Freshman Organic Chemistry I

Open Yale


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This is the first semester in a two-semester introductory course focused on current theories of structure and mechanism in organic chemistry, their historical development, and their basis in experimental observation. The course is open to freshmen with excellent preparation in chemistry and physics, and it aims to develop both taste for original science and intellectual skills necessary for creative research.

Important information

Where and when

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What you'll learn on the course

X-Ray Diffraction
Force Laws
Quantum Mechanical Kinetic Energy
Orbital Approximation

Course programme

Lecture 1 How Do You Know?

Lecture 2 Force Laws, Lewis Structures and Resonance

Lecture 3 Double Minima, Earnshaw's Theorem and Plum-Puddings

Lecture 4 Coping with Smallness and Scanning Probe Microscopy

Lecture 5 X-Ray Diffraction

Lecture 6 Seeing Bonds by Electron Difference Density

Lecture 7 Quantum Mechanical Kinetic Energy

Lecture 8 One-Dimensional Wave Functions

Lecture 9 Chladni Figures and One-Electron Atoms

Lecture 10 Reality and the Orbital Approximation

Exam 1 Midterm Exam 1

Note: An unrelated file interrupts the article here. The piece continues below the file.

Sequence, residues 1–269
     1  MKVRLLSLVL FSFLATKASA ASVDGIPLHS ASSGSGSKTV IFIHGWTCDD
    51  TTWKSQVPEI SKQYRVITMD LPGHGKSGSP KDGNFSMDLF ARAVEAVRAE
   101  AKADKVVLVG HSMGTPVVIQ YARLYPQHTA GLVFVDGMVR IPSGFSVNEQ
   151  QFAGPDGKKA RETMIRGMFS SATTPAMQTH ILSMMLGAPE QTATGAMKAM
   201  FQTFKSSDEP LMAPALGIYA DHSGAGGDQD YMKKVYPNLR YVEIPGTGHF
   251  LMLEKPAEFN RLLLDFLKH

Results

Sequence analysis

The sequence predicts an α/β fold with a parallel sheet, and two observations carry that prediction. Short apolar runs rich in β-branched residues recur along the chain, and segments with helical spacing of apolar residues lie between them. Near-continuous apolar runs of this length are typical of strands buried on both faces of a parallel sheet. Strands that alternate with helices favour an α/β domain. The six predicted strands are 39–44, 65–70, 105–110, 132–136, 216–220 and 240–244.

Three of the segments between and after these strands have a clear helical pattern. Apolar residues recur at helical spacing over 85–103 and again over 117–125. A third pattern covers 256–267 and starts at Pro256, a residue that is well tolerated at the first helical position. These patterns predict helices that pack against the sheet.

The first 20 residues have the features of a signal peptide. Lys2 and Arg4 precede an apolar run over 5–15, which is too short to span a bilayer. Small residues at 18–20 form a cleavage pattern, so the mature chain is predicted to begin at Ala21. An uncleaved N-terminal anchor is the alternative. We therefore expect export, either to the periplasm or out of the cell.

Lecture 11 Orbital Correction and Plum-Pudding Molecules

Lecture 12 Overlap and Atom-Pair Bonds

Lecture 13 Overlap and Energy-Match

Lecture 14 Checking Hybridization Theory with XH3

Lecture 15 Chemical Reactivity: SOMO, HOMO, and LUMO

Lecture 16 Recognizing Functional Groups

Lecture 17 Reaction Analogies and Carbonyl Reactivity

Lecture 18 Amide, Carboxylic Acid and Alkyl Lithium

Lecture 19 Oxygen and the Chemical Revolution (Beginning to 1789)

Exam 2 Midterm Exam 2

Lecture 20 Rise of the Atomic Theory (1790-1805)

Lecture 21 Berzelius to Liebig and Wöhler (1805-1832)

Lecture 22 Radical and Type Theories (1832-1850)

Lecture 23 Valence Theory and Constitutional Structure (1858)

Lecture 24 Determining Chemical Structure by Isomer Counting (1869)

Lecture 25 Models in 3D Space (1869-1877); Optical Isomers

Lecture 26 Van't Hoff's Tetrahedral Carbon and Chirality

Lecture 27 Communicating Molecular Structure in Diagrams and Words

Lecture 28 Stereochemical Nomenclature; Racemization and Resolution

Lecture 29 Preparing Single Enantiomers and the Mechanism of Optical Rotation

Exam 3 Midterm Exam 3

Lecture 30 Esomeprazole as an Example of Drug Testing and Usage

Lecture 31 Preparing Single Enantiomers and Conformational Energy

Lecture 32 Stereotopicity and Baeyer Strain Theory

Lecture 33 Conformational Energy and Molecular Mechanics

Lecture 34 Sharpless Oxidation Catalysts and the Conformation of Cycloalkanes

Lecture 35 Understanding Molecular Structure and Energy through Standard Bonds

Lecture 36 Bond Energies, the Boltzmann Factor and Entropy

Lecture 37 Potential Energy Surfaces, Transition State Theory and Reaction Mechanism

Exam 4 Final Exam